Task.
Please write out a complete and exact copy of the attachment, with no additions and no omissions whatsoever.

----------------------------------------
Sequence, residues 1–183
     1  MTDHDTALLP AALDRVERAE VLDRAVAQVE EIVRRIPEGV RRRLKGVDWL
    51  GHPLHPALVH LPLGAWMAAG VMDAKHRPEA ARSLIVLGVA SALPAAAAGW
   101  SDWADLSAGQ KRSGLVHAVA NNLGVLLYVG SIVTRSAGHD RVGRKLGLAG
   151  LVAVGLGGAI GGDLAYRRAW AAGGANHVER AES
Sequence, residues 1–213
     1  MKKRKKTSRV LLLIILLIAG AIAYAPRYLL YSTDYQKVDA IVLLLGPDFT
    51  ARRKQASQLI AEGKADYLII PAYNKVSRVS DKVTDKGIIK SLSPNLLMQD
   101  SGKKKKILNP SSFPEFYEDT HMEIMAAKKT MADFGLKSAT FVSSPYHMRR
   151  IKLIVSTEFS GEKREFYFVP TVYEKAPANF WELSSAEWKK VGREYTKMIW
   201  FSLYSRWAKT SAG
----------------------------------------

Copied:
Sequence, residues 1–183
     1  MTDHDTALLP AALDRVERAE VLDRAVAQVE EIVRRIPEGV RRRLKGVDWL
    51  GHPLHPALVH LPLGAWMAAG VMDAKHRPEA ARSLIVLGVA SALPAAAAGW
   101  SDWADLSAGQ KRSGLVHAVA NNLGVLLYVG SIVTRSAGHD RVGRKLGLAG
   151  LVAVGLGGAI GGDLAYRRAW AAGGANHVER AES
Sequence, residues 1–213
     1  MKKRKKTSRV LLLIILLIAG AIAYAPRYLL YSTDYQKVDA IVLLLGPDFT
    51  ARRKQASQLI AEGKADYLII PAYNKVSRVS DKVTDKGIIK SLSPNLLMQD
   101  SGKKKKILNP SSFPEFYEDT HMEIMAAKKT MADFGLKSAT FVSSPYHMRR
   151  IKLIVSTEFS GEKREFYFVP TVYEKAPANF WELSSAEWKK VGREYTKMIW
   201  FSLYSRWAKT SAG